Listening to music can lower cholesterol levels and improve heart health, according to a new study.
During their study, researchers at Maryland University found that if a patient listens to 30 minutes a day of their favourite music, it does more than relaxing them mentally - it also benefits them physically by expanding and clearing blood vessels.
The method has been tried on some patients in America and it has been welcomed by British experts.
Music is believed to work by triggering the release into the bloodstream of nitric oxide, which helps to prevent the build-up of blood clots and harmful cholesterol.
The researchers have found that songs by Red Hot Chili Peppers and Madonna can improve endurance, while 18th-century symphonies can improve mental focus.
However, when it comes to the effect on the bloodstream, the key is not the type of music but what the listener prefers. The same is true of volume and tempo.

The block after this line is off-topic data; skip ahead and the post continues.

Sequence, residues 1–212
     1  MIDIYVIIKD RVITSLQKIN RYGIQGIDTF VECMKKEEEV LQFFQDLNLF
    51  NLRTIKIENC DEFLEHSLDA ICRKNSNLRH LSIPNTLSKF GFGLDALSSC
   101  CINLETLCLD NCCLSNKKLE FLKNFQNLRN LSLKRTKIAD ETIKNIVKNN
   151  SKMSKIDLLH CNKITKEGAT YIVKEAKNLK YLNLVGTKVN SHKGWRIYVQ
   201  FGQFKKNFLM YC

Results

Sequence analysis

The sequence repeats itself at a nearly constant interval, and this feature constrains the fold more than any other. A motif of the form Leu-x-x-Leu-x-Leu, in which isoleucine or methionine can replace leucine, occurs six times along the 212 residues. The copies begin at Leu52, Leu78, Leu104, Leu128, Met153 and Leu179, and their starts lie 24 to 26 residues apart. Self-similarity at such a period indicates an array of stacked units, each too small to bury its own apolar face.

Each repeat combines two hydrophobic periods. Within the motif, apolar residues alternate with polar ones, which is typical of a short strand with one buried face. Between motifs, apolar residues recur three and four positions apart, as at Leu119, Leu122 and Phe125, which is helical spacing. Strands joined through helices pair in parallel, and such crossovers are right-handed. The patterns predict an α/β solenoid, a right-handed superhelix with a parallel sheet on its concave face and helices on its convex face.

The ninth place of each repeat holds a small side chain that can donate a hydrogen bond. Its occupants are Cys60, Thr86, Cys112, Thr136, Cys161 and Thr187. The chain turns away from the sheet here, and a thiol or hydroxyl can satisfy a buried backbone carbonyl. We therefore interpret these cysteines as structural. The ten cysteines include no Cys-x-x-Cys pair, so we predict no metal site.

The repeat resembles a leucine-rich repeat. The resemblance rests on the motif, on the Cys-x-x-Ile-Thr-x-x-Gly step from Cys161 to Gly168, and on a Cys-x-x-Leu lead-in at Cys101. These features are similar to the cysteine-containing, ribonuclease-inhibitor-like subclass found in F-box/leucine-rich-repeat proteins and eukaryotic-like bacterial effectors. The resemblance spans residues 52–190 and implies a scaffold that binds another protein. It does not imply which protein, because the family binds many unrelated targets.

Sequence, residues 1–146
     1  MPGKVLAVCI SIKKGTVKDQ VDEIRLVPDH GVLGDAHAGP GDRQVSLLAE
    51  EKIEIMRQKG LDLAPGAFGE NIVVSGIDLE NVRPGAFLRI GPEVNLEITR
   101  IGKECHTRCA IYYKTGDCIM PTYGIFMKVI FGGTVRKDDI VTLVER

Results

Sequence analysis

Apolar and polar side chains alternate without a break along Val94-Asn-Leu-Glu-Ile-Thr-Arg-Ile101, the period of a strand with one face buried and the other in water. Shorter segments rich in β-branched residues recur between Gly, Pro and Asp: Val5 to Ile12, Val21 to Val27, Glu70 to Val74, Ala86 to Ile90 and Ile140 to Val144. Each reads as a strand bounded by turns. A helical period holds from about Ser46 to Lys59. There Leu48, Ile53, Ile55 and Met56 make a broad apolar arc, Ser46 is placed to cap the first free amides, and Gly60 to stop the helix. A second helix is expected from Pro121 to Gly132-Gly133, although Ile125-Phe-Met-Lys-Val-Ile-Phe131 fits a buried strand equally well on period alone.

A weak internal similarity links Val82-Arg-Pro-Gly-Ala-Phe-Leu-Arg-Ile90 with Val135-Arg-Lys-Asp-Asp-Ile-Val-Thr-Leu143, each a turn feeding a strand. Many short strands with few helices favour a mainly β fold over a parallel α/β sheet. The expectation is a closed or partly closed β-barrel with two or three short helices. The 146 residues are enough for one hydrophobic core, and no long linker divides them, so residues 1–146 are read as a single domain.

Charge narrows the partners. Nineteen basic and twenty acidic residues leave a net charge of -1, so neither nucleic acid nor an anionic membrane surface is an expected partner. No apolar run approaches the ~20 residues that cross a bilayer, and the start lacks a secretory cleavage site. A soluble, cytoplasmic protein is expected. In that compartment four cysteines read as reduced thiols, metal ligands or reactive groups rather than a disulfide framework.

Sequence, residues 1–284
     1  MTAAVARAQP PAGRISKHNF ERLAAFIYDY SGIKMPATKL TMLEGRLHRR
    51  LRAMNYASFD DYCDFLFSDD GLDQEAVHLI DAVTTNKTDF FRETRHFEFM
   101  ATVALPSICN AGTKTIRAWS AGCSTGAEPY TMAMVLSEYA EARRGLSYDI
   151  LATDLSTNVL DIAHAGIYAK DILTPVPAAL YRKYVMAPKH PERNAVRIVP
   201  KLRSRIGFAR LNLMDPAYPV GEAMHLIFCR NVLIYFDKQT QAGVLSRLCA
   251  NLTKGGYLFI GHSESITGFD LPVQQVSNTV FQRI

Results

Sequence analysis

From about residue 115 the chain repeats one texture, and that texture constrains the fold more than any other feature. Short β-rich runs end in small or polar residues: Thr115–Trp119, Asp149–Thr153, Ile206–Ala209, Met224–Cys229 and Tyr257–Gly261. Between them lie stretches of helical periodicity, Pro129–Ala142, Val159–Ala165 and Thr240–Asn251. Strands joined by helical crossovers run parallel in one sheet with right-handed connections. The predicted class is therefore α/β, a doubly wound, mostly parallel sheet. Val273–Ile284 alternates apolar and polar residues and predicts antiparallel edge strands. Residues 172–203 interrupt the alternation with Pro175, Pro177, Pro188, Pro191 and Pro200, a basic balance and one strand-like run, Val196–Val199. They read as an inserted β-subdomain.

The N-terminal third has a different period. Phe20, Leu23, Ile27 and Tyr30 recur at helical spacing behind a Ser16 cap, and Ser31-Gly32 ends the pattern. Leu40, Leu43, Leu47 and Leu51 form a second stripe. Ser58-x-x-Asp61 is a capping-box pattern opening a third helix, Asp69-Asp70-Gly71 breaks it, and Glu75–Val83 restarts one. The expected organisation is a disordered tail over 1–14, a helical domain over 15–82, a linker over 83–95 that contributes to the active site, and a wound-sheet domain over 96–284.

"The music effect lasts in the bloodstream for only a few seconds but the accumulative benefit of favourite tunes lasts and can be very positive in people of all ages," Times Online quoted Michael Miller, director of the Center for Preventive Cardiology at Maryland University, who conducted the study, as saying.
"We were looking for cheaper, nonpharmacological aids to help us improve our patients' heart health and we think this is the prescription," he added.
The study, based on healthy non-smoking men and women with an average age of 36, found the diameter of blood vessels in the upper arm expanded by 26 percent in volunteers listening to music they found enjoyable.
Miller said blood vessel expansion indicated that nitric oxide was being released throughout the body, reducing clots and LDL, a form of cholesterol linked to heart attacks.
He also warned that listening to stressful music, which for many in the experiments included heavy metal and rap, can shrink blood vessels by 6 percent.
Miller also advised parents to avoid listening to their teenage children's music if it upset them because it could be the aural equivalent of passive smoking.
"I like Merseybeat-era Beatles and Julia from their White Album and you cannot get two more different types of song, but I think both work for my heart," he said.